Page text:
Effects of long term supplementation of vitamin D on inflammation, cytokines, thrombosis and IGF-1 levels in minority subjects with pre-diabetes and hypovitaminosis D

Program: Abstracts - Orals, Featured Poster Presentations, and Posters
Session: SUN 257-280-Disorders of Vitamin D Metabolism & Action
Basic/Translational
Sunday, June 16, 2013: 1:45 PM-3:45 PM
Expo Halls ABC (Moscone Center)

Poster Board SUN-268
Indrani Sinha-Hikim*1, Petra Duran2, Ruoquing Shen3, Martin Lee4, Theodore C Friedman1 and Mayer B Davidson1
1David Geffen School of Medicine, UCLA, 2Charles Drew University of Medicine and Science, 3Charles R. Drew University of Medicine and Science, Los Angeles, CA, 4Charles Drew University/ David Geffen School of Medicine, UCLA
Background: Vitamin D levels are lower in people with pre-diabetes and diabetes and diabetes is associated with increased inflammation and thrombotic tendencies. In-vitro studies support the involvement of vitamin D in modulating the inflammatory cytokine responses. Low vitamin D levels and low growth hormone levels are both found in obesity and both are postulated to play a role in modifying metabolic parameters. This randomized, double-blind study examined whether high doses of vitamin D for one year affected these biomarkers in subjects with both pre-diabetes and hypovitaminosis D.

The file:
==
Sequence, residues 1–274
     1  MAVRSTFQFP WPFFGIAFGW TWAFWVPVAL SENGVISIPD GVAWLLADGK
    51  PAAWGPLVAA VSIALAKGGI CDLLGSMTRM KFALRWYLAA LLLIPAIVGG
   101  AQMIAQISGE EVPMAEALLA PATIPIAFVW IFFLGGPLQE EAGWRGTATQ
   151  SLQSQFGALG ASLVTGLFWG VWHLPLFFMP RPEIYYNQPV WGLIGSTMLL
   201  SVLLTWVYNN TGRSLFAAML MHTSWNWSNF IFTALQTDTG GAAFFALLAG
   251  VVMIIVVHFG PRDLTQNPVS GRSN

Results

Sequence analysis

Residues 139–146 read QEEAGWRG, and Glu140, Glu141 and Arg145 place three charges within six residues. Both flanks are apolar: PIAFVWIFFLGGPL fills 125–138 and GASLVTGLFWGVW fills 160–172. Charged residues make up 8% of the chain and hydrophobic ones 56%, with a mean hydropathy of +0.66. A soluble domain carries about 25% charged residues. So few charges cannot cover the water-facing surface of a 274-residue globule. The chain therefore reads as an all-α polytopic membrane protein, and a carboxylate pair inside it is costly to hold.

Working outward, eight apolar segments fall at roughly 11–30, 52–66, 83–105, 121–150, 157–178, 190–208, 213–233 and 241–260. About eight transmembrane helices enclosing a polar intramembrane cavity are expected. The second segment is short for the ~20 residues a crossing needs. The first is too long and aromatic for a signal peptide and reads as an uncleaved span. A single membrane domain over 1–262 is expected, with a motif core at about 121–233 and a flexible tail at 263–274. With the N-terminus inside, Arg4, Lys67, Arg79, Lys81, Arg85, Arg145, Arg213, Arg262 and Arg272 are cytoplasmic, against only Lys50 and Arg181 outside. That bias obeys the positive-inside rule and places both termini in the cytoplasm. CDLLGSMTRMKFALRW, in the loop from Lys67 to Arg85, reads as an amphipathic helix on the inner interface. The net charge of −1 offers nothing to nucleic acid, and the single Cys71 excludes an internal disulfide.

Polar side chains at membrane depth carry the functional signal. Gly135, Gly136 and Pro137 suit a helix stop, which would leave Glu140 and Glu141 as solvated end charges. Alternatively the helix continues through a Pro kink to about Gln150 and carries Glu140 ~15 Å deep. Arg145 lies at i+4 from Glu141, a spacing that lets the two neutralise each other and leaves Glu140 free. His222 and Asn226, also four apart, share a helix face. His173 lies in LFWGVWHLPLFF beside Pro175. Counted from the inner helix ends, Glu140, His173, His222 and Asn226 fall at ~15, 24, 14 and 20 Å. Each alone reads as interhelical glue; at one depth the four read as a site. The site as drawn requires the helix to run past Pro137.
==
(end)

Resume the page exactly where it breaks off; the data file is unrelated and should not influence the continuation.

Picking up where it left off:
Objective: To evaluate the effects of high dose of vitamin D supplementation for one year on cytokine, inflammatory and thrombotic parameters as well as IGF-1 levels in people with pre-diabetes and low levels of vitamin D.

Experimental Procedures: In Latino and African American subjects ≥40 years old, pre-diabetes was diagnosed by a 2 hr glucose level of 140-199 mg/dL and/or FPG 110-125 mg/dL.109 subjects had serum 25-OH vitamin D levels < 30 ng/mL and prediabetes and were randomized to either receive vitamin D (mean 88,865 IU/ week) (n=56) or placebo oil (n=53) for one year. Serum samples were collected at baseline, 6, 9 and 12 months for measurements of inflammatory cytokines IL6, TNFα, C-reactive protein (CRP) and PAI-1 and IGF-1 from 40 randomly selected subjects in each group.

Results: Serum 25-OH vitamin D levels of 20 ng/mL quickly rose to nearly 70 ng/mL in those receiving vitamin D and did not change in the placebo group. Two-way repeated measure ANOVA showed that there were no differences between the 2 groups in any of  the five selected parameters: TNFα (P=0.43); CRP (P=0.31); IL6 (P=0.67); PAI-1 (P=0.14); and IGF-1 (P=0.88).

Conclusion: High dose vitamin D supplementation in subjects with pre-diabetes and hypovitaminosis D for one year failed to affect levels of inflammatory cytokines, markers of inflammation, as well as PAI 1, and IGF-1.

Nothing to Disclose: IS, PD, RS, ML, TCF, MBD

*Please take note of The Endocrine Society's News Embargo Policy at http://www.endo-society.org/endo2013/media.cfm

Sources of Research Support: Grant Support: CDU-AXIS, U54MD007598, NIMHD